When using dry-contact electrodes, the interface between the skin and the electrodes are mainly defined by the electrochemical properties of the electrode material, the mechanical design of the electrode, the surface properties of the electrode, and how the electrode is retained against the skin.[26] To improve these aspects for ear-EEG, nanostructured electrodes and soft earpieces have been proposed.[25] The electronic instrumentation must also be carefully designed to accommodate dry-contact electrodes.[27][28]

Real-life monitoring[edit]

The state of the human brain is influenced by the surrounding environment, and the response from the brain is influenced by the state of the brain. Thus, restricting brain research to a laboratory represents a fundamental limitation. Real-life monitoring of ear-EEG overcome this limitation, and enable research of evoked responses and spontaneous responses related to everyday life situations.[29][22]

The compact and discreet nature of ear-EEG devices makes it suitable for real-life EEG monitoring.[30][31][21][32] A general problem when recordings EEG is the interference arising from noise and artifacts. In a laboratory environment, artifacts and interference can largely be avoided or controlled, in real-life this is challenging. Physiological artifacts are a category of artifacts with physiological origin, in contrast to artifacts arising from electrical interference. A study of physiological artifacts in ear-EEG found artifacts from jaw muscle contractions to be higher for ear-EEG compared to the scalp EEG, whereas eye-blinking did not influence the ear-EEG.[33][34]

Sleep monitoring[edit]

A promising use case is in long term sleep monitoring, where there is presently a need for a more user friendly (and cheaper) alternative to the gold standard polysomnography.[35][36][37][38] Innovation Fund Denmark recently funded a large project on using ear-EEG for sleep monitoring, in a collaboration between industry and Aarhus University in Denmark ,[39] however, development of an ear-EEG based sleep monitor is a global endeavor, with other prominent examples taking place at the University of Colorado ,[40] Imperial College London [41][17] as well as the University of Oxford.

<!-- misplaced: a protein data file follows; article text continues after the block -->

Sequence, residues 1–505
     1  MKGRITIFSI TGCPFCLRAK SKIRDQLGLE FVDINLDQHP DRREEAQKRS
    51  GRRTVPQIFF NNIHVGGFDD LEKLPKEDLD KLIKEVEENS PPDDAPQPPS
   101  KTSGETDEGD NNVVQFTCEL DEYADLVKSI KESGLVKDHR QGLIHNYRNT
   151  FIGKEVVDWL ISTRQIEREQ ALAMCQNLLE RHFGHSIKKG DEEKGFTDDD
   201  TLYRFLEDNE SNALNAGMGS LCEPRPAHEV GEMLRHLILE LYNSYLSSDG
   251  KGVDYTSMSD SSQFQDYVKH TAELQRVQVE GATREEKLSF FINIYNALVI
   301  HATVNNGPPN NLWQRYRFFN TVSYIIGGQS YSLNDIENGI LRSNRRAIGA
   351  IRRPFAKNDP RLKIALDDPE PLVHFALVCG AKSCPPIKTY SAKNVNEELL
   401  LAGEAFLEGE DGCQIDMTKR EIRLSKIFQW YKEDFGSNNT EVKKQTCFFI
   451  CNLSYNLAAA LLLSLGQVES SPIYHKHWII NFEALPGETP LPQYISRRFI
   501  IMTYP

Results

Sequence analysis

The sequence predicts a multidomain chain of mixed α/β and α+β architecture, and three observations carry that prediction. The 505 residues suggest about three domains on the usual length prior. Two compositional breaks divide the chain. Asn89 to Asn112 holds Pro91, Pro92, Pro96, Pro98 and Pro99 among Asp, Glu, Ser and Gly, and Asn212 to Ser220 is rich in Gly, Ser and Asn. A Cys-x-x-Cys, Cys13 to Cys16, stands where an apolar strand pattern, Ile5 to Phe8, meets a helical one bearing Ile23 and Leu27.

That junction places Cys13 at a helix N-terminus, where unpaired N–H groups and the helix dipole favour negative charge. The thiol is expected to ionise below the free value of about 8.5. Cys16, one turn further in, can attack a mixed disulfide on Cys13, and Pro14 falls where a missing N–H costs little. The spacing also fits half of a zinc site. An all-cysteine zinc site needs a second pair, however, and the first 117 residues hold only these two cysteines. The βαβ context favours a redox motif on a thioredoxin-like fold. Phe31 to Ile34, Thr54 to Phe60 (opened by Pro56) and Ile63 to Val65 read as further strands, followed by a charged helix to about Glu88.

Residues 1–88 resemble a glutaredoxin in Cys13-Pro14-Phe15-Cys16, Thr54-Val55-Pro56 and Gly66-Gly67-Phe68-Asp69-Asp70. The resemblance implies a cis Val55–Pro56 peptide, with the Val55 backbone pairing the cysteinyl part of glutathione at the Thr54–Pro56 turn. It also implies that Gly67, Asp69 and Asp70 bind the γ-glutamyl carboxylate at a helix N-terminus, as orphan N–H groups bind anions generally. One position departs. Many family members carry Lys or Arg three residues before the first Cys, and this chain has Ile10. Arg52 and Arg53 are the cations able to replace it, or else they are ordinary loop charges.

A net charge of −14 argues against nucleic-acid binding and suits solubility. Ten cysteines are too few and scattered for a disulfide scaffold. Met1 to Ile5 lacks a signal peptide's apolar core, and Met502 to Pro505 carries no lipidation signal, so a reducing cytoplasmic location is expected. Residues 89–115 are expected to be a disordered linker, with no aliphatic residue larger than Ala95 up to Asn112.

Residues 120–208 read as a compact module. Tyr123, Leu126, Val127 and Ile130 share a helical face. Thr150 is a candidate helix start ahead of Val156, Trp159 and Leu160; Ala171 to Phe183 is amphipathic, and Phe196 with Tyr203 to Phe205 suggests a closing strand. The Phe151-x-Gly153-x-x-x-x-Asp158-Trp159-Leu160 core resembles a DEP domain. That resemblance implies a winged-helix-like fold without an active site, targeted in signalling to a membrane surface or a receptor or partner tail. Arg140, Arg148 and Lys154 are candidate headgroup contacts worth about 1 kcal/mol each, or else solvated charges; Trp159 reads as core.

Possible commercial uses[edit]

Despite the lack of ear-EEG products on the market, several companies have revealed investments in ear-EEG technology. Foremost of these are the hearing aid producers Oticon [42] and Widex,[43] who are looking into hearing-aid applications, the feasibility of which there appears to be some support for,[44][45] and a hypoglycemia alarm.

Other potential use cases which are known to have been explored are driver drowsiness detection,[46] BCI[47][48] and biometric identification.[49]

References[edit]

  1. ^ A1 US patent US20070112277 A1 
  2. ^ B1 EP patent EP2448477 B1 
  3. ^ Kidmose, Preben. Auditory evoked responses from Ear-EEG recordings. EMBC 2012. San Diego, Cal.
  4. ^ Bleichner, Martin (6 April 2015). "Exploring miniaturized EEG electrodes for brain-computer interfaces. An EEG you do not see?". Physiol Rep. 3 (4): e12362. doi:10.14814/phy2.12362. PMC 4425967. PMID 25847919.
  5. ^ "The Aware". United Sciences. Retrieved 25 August 2016.
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  8. ^ "cEEGrid –". www.ceegrid.com. Retrieved 2016-11-14.
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  10. ^ Dong, Hao. A New Soft Material based In-The-Ear EEG Recording Technique. EMBC 2016. Orlando, Fl.
  11. ^ Goverdovsky, Valentin. Generic Viscoelastic In-Ear EEG Monitor. EMBC 2016. Orlando, Fl.
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  21. ^ a b Hoon Lee, Joong; Min Lee, Seung; Jin Byeon, Hang; Sook Hong, Joung; Suk Park, Kwang; Lee, Sang-Hoon (August 2014). "CNT/PDMS-based canal-typed ear electrodes for inconspicuous EEG recording". Journal of Neural Engineering. 11 (4): 046014. Bibcode:2014JNEng..11d6014L. doi:10.1088/1741-2560/11/4/046014. ISSN 1741-2552. PMID 24963747.